Process Management

Background last update:6 Aug 2012

Sustainability discussion goes on

Being sustainable in intensive livestock and agricultural production systems together with the constant pressure of keeping prices down, is that possible? Industry experts and politicians don't even argue whether it is feasible and when it should be implemented; we simply have to, now!

The theme of the 2008 Alltech International Animal Nutrition and Health symposium was “Are we the greenest revolution?” Different standpoints of the theme ‘green’ were discussed and ranged from measures such as feeding more natural ingredients to reduce methane emissions, increase bioavailability of minerals and use more alternative ingredients and cellulose material for animals. This year, the organisers took the sustainability principle as its main them, a theme close to the previous edition – “thinking and acting green”.

Three main goals
But what does implementing sustainability in agriculture mean and entail? Sustainable agriculture integrates three main goals; environmental health, economic profitability, and social and economic equity. A variety of philosophies, policies and practices have contributed to these goals. People in many different capacities, from farmers to consumers, have shared this vision and contributed to it. In short we can come to the following criteria when we talk about a sustainable agriculture: It should satisfy human food and fibre needs, enhance environmental quality and the natural resource base upon which the agricultural economy depends, make the most efficient use of non-renewable resources and on-farm resources and integrate, where appropriate, natural biological cycles and controls, sustain the economic viability of farm operations and enhance the quality of life for farmers and society as a whole. This is quite something to consider and at the same time make sure that money is being made. Pearse Lyons, founder and president of Alltech mentioned in the opening session of the symposium that these current times are not for waiting and standing still. “We have to act now and even when costs are an issue, we have to invest in the future and primarily in sustainable options for feed and food supplies,” Lyons addressed. He further pointed out four solutions that need to be kept in mind while working on the sustainability issue: Focus on new resources, focus on education, innovate and overcome cultural changes. Below we review them shortly.

New resources
To reduce the pressure of being dependent on currently used raw materials for animal diets, scientist are constantly looking for new ingredients or ways to process non-digestible material to valuable ingredients.
  The use of by-products from the bio energy business, such as Dried Distillers Grains with Solubles (DDGS) is rapidly growing. However, the quality of these ‘new’ products still varies considerably. This automatically means that feeding these products is not always efficient. Fermentation techniques and improved laboratory techniques increase the nutritional knowledge about these products to get more out of them.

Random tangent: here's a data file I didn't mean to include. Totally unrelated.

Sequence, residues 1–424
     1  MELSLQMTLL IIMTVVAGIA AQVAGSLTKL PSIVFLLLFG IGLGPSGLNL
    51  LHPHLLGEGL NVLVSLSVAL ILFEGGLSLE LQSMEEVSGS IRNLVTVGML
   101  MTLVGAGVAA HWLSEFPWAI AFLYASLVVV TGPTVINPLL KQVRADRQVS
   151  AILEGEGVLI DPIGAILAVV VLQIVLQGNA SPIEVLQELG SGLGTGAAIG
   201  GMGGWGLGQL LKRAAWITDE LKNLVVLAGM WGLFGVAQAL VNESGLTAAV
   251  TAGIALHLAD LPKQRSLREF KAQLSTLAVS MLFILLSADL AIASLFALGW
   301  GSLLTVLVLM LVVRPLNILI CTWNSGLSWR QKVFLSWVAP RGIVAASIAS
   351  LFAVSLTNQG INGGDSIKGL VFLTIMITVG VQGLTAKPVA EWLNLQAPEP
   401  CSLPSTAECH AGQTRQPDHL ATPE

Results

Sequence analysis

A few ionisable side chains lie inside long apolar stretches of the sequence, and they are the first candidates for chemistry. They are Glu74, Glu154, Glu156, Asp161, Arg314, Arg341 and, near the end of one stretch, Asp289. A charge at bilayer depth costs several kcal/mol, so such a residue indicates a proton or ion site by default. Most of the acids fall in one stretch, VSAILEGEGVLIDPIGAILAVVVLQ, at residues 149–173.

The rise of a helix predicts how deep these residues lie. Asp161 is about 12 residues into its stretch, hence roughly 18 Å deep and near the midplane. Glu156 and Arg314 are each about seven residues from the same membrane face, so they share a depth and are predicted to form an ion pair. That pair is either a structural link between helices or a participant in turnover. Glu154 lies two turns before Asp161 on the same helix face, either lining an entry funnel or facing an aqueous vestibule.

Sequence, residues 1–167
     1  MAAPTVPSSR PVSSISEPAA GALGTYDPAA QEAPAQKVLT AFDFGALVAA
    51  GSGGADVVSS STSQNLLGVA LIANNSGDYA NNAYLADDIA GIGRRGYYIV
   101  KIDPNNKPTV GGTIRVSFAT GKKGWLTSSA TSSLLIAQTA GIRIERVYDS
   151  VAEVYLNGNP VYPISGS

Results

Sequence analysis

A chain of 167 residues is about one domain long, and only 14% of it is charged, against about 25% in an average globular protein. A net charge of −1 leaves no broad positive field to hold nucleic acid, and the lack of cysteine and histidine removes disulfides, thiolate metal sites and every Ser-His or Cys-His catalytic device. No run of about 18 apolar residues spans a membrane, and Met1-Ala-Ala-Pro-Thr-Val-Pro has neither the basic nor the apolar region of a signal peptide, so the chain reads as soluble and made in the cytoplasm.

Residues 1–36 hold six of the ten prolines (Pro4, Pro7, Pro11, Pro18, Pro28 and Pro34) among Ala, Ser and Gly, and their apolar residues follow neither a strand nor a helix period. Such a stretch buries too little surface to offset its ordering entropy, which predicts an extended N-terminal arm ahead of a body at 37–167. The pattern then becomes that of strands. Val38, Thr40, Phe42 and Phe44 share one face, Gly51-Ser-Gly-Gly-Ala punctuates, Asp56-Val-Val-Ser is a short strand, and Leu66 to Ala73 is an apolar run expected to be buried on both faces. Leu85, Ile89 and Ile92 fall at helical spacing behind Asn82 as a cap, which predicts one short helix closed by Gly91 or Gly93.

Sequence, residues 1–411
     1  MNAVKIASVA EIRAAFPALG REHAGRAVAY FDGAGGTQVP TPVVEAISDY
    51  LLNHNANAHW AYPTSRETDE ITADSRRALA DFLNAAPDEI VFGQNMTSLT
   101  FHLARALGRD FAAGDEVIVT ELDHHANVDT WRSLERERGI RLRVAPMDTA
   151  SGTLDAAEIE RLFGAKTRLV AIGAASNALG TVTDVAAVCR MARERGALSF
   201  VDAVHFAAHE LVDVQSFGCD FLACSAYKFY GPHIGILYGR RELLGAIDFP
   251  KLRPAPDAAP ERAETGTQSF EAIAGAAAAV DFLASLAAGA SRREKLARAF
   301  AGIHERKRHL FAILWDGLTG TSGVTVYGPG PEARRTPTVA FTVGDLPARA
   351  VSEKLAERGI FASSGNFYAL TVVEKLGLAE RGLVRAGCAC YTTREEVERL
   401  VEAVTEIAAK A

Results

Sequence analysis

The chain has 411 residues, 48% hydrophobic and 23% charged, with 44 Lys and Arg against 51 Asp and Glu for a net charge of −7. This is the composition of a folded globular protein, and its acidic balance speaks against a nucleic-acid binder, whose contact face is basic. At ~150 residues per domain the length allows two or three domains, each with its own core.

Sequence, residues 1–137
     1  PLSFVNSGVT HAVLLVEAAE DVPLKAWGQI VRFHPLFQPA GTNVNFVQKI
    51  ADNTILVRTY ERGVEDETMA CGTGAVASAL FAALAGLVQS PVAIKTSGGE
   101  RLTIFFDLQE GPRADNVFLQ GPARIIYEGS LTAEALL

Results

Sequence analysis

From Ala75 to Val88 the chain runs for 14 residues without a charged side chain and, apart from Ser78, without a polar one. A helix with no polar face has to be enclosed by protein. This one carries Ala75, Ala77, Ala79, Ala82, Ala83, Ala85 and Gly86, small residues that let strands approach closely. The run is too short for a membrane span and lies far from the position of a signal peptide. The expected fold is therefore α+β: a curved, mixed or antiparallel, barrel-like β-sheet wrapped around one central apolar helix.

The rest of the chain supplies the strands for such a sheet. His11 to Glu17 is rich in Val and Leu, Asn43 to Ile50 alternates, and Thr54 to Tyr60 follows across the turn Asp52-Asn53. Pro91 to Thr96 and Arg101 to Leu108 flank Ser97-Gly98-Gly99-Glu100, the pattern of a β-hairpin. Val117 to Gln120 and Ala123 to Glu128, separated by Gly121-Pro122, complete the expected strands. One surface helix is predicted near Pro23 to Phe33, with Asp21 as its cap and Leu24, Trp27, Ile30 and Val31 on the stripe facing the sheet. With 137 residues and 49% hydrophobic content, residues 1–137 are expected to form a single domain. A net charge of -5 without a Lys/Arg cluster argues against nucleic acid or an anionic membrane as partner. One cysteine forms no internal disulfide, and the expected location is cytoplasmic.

It all starts with the youngsters at college and universities. By implementing and stimulating sustainable product development at Agricultural universities, students are triggered to learn more about the sustainability issue and actually gain knowledge to best implement this in practice.

In times of crisis, we have a big opportunity to stand apart from our peers, to be better connected to the market, even if it’s in turmoil. Times of crisis are ideal for innovation. Companies should continue to buy technology instead of hiring more people. In this way they can automate work, and find answers and opportunities with technology. In terms of animal nutrition, innovation is even more triggered to find products that do more for less money. This may include increasing the bioavailability of existing products or find a good combination of ingredients to form one single product.

Overcome cultural changes
Pressures on organisations to improve their environmental performance and look towards ‘corporate sustainability’ (Tickell, 1999) are intensifying. Some forward thinking organisations and governments have embraced the symbiosis between good corporate governance and sound business strategy. Other organisations have yet to be convinced of the need and benefits and have yet to fall into line. Major food and feed companies have power and can strengthen one another by working on sustainability as a team. For example, Danisco, Bunge, Nestlé, Green Mountain Coffee Roasters and Tyson Foods last year signed a green agreement that aims to “enable companies and stakeholders to better measure and communicate sustainability progress.” The group says consumers are demanding to be provided with meaningful information about how foods and beverages are produced, and producers need to respond to those demands. Cultural changes between companies should be thrown overboard as sustainability is a global issue.

Considerable discussion and debate have arisen about sustainability. The temptation to oversimplify sustainability and present it as a single issue can be, at times, overwhelming. Some have contended that the term “sustainability” is worthless, has no practical value and should be rejected altogether.
  However, sustainability is a complex idea and an abstract concept that provides a framework for inter-disciplinary dialogue, interaction and research. Usually, solutions require multiple inputs and diverse perspectives. Of course, every small step counts and farmers need to choose for sustainability measures that suit their management style, country and farm type.
  Lyons wrapped up the symposium with the following words: “Crisis brings out character. Character will carry us forward. Crisis brings out the best in people.” Let’s hope it’s true.


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